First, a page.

• Park safely, well clear of the accident site. set your hazard lights flashing.
  • Do not run across a busy motorway.
  • At night, wear or carry something light or reflective, and use a torch.
Then take these general precautions.
  • Send bystanders to warn other drivers.
  • Set up warning triangles or lights 200 meters (250 yards) in each direction.
  • Switch off the ignition of any damaged vehicle and, if you can, disconnect the battery. Switch off the fuel supply on diesel vehicles and motorcycles.
  • Stabilise vehicles. If vehicle is upright, apply the hand-brake and put it in gear, or put blocks at the wheels. if a vehicle is on its side, do not right it, but try to prevent it from rolling over.
  • Look out for physical dangers. is any one smoking? Are there goods vehicles displaying hazchem symbols? Are there damaged power lines or split fuel? If you see a radiation hazard sign, make sure that you alert the police immediately.
Read more »

Sunday, January 22, 2012

Multiple Casualties

Multiple Casualties

In situations such as major traffic accidents, you may find yourself in the difficult position of having to deal with several casualties at the same time. You may be on your own, working with other first aider, or with professionals. A methodical and calm approach will be crucial in the initial chaos. Always follow the ABC of resuscitation in order to establish treatment priority, and attend first to any unconscious casualty. Remember you can only do your best in these circumstances.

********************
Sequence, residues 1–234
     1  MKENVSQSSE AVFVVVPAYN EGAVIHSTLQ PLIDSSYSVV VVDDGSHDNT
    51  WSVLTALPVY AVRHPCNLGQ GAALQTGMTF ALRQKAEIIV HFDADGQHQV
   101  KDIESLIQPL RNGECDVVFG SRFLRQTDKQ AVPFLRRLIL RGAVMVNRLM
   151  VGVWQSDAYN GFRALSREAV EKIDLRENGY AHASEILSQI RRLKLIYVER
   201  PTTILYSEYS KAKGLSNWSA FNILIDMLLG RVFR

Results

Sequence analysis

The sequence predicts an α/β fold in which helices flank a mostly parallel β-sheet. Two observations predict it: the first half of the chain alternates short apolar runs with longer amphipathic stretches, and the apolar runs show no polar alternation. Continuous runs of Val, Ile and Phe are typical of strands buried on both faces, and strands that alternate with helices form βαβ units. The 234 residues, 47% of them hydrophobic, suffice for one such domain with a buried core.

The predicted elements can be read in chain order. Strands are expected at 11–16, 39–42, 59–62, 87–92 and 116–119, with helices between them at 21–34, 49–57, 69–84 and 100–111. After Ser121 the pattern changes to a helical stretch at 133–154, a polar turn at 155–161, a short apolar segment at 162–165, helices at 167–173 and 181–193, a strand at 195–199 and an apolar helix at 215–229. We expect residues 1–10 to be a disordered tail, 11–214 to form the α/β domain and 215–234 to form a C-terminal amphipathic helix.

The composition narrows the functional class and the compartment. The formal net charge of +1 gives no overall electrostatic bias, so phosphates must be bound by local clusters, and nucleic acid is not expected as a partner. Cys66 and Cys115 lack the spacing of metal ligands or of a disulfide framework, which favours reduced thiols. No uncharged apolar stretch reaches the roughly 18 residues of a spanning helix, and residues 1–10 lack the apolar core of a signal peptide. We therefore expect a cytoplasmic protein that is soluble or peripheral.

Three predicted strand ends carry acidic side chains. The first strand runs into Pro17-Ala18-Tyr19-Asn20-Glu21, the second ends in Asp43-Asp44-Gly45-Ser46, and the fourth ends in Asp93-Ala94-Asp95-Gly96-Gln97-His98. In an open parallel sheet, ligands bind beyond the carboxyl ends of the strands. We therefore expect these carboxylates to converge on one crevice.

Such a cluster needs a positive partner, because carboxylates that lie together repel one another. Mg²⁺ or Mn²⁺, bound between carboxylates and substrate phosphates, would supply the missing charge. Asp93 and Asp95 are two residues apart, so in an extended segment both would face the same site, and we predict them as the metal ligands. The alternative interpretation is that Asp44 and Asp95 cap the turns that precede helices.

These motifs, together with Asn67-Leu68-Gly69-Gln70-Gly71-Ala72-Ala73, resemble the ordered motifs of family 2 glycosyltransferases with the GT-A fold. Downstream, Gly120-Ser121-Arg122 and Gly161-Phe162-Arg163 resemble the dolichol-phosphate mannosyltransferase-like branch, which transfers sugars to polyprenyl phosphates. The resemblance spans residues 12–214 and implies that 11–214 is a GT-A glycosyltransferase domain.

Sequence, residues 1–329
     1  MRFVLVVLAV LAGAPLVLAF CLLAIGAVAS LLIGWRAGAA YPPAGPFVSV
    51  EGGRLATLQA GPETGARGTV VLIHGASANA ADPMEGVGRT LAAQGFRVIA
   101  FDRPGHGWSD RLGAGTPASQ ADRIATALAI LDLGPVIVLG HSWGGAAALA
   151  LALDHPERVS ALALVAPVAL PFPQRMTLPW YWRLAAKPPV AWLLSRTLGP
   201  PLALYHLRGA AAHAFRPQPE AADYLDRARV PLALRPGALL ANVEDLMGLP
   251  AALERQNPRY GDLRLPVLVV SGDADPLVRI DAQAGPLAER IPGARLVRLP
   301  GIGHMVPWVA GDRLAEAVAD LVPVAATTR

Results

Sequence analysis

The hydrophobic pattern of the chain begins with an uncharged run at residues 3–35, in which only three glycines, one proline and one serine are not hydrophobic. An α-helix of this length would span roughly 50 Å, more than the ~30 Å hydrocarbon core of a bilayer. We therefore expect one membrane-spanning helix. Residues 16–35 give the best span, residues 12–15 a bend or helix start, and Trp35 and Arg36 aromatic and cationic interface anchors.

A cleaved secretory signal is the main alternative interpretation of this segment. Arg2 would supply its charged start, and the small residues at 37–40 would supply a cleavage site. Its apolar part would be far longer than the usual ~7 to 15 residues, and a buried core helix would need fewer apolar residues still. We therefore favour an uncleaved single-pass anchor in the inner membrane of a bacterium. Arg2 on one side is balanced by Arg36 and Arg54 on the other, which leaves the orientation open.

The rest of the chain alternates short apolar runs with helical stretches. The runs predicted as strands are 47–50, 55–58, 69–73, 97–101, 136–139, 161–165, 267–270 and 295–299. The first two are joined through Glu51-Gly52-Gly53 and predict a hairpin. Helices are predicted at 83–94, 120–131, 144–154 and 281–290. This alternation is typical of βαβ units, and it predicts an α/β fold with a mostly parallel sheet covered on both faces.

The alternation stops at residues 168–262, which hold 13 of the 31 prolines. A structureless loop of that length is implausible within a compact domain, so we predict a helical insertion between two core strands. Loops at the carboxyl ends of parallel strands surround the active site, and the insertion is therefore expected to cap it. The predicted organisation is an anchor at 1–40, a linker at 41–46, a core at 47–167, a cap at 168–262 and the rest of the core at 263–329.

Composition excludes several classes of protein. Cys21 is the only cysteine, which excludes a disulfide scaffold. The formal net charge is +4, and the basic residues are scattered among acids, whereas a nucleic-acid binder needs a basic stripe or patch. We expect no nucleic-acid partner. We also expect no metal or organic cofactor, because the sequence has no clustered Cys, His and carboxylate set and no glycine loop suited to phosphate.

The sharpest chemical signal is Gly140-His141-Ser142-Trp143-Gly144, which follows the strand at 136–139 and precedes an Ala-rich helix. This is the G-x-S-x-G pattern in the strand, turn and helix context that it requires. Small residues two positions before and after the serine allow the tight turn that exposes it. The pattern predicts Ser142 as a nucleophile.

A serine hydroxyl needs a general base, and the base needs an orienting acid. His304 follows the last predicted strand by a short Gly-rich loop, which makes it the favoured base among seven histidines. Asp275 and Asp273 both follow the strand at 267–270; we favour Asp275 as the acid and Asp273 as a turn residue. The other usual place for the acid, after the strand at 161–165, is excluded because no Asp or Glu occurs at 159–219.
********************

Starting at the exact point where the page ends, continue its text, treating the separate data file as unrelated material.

Major Incidents

Major incidents involving a large number of casualties may place overwhelming demands on rescuers. The first task is to ensure that the emergency services are contacted immediately and given accurate information about the incident. The next priority is to assess the scene, and providing it is safe to do so, to start giving emergency first aid.
Read more »

How to do Basic First Aid

Basic first aid refers to the initial process of assessing and addressing the needs of someone who has been injured or is in physiological distress due to choking, a heart attack, allergic reactions, drugs or alcohol or other medical emergencies. Basic first aid allows you to quickly determine a person's physical condition and the correct course of treatment. You should always seek professional medical help as soon as you are able, but following correct first aid procedures can be the difference between life and death.Note: Much of this article deals with first aid for life threatening situations in which the victim is unresponsive. Many of these steps will not apply in situations where you already know the problem or the extent of the harm to a person. In that case, you should search for the specific article, or skim this one to find more information on addressing particular conditions.


  1. Evaluate the situation. Are there things that might put you at risk of harm? Are you or the victim threatened by fire, toxic smoke or gasses, an unstable building, live electrical wires or other dangerous scenario? Do not rush into a situation where you could end up as a victim yourself.
    • If approaching the victim will endanger your life, seek professional help immediately; they have higher levels of training and know how to handle these situations.
Read more »